Significance of Buddhist Sutras

The term ‘Sutra’ refers to ‘thread’. It signifies something being told in a sequence like a thread. In Pali language, the synonym for the word ‘sutra’ is ‘sutta’. This word holds a great significance in the three popular religious faiths Hinduism, Buddhism and Jainism wherein the meaning remained the same but the principles varied on the basis of the vested thought process. In ancient periods, these sutras were orally transferred from one generation to another. The ‘guru’ or the leader would teach the disciples/followers orally and the knowledge was given in the form of these sutras or principles.

In the Buddhist religion, Ananda is believed to be the first disciple of Lord Buddha who recited the teachings of Buddha in the form of Buddhist sutras in the First Buddhist Council. This council was organized by the senior monks under the support of the King Ajatashatru at Sattapanni caves, Rajgriha soon after the death of Gautam Buddha in around 400 BCE. These sutras comprised of the main teachings of the Buddha imparted after his nirvana until his death. It is believed that for almost 500 years these Buddhist sutras were memorized by practitioners and passed on to the next level of learners. But after some centuries, with the growth of the Buddhist community, it became difficult to sustain with the accuracy and effectiveness of the oral transition processes of the preaching.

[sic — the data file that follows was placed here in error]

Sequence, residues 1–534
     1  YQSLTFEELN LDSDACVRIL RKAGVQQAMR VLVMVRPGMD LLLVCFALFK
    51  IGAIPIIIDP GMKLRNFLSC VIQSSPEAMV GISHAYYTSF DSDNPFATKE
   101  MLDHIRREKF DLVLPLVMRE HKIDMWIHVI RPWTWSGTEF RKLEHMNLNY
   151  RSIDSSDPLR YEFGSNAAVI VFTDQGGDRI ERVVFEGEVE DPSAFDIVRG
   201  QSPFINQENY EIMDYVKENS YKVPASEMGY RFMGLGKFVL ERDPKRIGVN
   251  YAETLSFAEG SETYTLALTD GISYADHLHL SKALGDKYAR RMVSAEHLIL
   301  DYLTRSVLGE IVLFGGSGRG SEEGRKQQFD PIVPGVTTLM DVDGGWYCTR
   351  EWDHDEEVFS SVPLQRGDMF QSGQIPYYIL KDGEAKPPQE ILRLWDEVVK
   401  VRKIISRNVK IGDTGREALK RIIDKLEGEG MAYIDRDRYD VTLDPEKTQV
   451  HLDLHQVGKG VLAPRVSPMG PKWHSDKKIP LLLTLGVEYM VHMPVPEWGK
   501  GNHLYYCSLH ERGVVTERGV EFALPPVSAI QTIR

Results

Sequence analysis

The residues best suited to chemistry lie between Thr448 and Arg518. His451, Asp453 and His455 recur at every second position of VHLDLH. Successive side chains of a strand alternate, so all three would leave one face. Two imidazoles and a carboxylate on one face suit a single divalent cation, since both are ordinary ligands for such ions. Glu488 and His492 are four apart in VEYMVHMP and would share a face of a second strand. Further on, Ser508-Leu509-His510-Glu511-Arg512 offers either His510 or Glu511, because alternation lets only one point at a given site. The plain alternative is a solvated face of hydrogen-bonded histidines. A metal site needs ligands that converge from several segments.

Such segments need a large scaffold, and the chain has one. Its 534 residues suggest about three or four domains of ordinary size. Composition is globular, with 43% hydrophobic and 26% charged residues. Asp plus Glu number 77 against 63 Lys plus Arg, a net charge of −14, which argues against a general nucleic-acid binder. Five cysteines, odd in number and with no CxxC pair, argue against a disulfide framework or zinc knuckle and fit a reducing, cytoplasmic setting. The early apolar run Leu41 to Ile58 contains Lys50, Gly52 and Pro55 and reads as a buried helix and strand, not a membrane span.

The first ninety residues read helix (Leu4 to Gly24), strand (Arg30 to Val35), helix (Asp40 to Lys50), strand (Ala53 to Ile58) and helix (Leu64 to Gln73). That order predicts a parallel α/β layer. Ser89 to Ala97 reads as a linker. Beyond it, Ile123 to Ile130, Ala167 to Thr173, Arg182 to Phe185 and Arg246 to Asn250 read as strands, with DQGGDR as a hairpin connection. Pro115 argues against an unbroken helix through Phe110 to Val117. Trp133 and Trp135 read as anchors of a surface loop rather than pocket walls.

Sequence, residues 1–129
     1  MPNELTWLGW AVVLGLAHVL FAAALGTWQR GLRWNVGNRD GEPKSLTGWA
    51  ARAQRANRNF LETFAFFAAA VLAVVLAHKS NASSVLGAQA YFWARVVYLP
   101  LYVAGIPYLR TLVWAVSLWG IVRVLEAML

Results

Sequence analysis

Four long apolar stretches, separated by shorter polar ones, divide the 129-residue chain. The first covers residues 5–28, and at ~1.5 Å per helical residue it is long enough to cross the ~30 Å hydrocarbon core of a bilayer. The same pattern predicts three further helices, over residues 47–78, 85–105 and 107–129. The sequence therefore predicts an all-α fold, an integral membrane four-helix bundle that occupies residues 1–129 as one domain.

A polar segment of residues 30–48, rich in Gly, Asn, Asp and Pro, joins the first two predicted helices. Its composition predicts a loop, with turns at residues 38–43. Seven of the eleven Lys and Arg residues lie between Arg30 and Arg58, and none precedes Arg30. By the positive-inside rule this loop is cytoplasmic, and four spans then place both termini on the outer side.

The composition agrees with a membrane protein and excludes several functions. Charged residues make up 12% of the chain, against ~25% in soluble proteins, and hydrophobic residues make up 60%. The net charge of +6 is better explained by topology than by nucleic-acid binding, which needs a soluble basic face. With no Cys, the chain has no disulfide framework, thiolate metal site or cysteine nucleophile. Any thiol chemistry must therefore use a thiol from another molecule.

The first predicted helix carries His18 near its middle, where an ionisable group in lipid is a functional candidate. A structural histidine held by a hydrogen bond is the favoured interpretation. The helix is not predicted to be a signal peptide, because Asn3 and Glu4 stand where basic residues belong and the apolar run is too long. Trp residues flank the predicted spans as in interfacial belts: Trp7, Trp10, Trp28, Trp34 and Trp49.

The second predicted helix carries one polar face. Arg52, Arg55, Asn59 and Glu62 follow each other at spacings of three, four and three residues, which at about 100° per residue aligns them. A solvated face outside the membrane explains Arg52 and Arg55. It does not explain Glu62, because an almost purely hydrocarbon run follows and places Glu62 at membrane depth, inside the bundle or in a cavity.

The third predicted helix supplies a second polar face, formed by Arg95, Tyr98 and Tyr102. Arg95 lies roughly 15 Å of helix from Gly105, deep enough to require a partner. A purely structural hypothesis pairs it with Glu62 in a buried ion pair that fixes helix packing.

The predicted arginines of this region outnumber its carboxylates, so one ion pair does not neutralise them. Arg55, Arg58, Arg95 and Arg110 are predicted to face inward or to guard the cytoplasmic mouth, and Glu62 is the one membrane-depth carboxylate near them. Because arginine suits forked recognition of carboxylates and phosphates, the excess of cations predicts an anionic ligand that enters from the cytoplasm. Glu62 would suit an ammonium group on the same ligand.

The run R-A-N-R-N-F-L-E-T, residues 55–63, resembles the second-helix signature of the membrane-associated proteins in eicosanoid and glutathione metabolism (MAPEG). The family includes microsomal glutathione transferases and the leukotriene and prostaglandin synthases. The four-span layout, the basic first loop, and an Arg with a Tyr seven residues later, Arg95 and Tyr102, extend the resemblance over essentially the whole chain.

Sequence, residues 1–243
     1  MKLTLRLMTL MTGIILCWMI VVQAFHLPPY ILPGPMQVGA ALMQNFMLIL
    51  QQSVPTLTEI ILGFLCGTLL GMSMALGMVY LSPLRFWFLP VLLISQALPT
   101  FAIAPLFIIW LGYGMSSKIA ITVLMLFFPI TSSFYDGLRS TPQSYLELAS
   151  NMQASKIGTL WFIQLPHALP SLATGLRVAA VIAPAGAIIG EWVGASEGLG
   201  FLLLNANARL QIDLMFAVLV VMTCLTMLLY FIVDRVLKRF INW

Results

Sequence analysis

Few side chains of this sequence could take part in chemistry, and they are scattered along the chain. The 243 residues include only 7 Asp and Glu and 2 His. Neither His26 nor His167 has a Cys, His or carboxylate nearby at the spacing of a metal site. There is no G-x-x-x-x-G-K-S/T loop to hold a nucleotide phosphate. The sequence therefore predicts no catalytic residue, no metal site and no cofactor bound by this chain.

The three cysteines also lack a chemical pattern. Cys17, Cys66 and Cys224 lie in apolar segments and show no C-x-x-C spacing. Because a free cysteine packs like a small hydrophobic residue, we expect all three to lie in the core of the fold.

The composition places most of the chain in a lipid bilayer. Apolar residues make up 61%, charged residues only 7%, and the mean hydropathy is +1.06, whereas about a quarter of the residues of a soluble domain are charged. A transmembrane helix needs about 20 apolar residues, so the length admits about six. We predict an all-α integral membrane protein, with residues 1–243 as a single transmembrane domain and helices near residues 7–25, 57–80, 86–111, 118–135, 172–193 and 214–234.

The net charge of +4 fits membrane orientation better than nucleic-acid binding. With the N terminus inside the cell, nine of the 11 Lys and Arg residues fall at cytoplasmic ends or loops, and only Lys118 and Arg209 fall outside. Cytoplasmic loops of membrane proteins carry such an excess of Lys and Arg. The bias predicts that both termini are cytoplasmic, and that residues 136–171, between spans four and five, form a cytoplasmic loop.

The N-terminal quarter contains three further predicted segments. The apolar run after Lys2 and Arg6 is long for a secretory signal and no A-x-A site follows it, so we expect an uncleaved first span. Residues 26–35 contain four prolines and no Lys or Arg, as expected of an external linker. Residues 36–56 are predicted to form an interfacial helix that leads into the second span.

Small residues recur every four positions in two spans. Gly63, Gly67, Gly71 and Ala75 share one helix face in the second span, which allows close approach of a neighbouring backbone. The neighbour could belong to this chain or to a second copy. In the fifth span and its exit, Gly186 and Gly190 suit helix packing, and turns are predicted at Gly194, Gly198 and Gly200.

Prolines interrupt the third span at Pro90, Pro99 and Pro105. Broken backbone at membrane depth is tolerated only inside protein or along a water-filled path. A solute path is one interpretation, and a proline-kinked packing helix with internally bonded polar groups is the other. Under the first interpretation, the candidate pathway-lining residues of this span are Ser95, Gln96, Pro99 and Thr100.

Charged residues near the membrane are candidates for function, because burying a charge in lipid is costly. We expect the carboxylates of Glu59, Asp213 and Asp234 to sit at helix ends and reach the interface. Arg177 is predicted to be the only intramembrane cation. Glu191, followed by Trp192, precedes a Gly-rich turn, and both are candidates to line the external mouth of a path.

It was during the first century of BCE that the Buddha’s teachings were written down, the language used was the popular local language ‘Pali’ that was quite similar to Sanskrit. These teachings were referred to as sutras and are written in the form of aphorisms that could be remembered easily. The sutras in Buddhism usually start with the saying “Thus I have heard”. It signifies that they were composed in a passive manner to pass on the message that has originated from someone else. It also states that the purpose of sutras, which are in an easy to remember form, is to pass on the learning to others.

These compiled sutras became a part of a collection of the Buddhist scriptures known as ‘Tripitaka’ of Theravada Buddhist School which means ‘three baskets’. Although the original sutras are believed to be the words spoken by Lord Buddha, a part of Buddhist community (Mahayana and Vajrayana) believe that apart from the Buddha, some respected and important disciples might also have contributed to the official canon of the Buddhist sutras.

Tripitaka is divided into three categories- the Vinaya Pitaka, the Sutta Pitaka, and the Abhidharma Pitaka. According to the tradition, the Vinaya Pitaka is believed to be recited by Upali and the subject matter greatly deals with the monastic rules and behaviors of the Buddhist monks and nuns.The Sutta Pitaka of the Pali canon has sutras classified into five compilations of Dhamma namely Digha Nikaya Suttas, Majjhima Nikaya Suttas, Samyutta Nikaya Suttas, Anguttara Nikaya Suttas, and Khuddaka Nikaya Suttas. The Abhidarma Pitaka comprises of the scholastic analysis of Buddha’s teachings and sutras in a systematic Buddhist doctrine. It is likely to be composed in the 3rd century BCE and the compilation style indicates it to be a work of the disciples for effective and methodical representation of the teachings in the Buddhist sutras.

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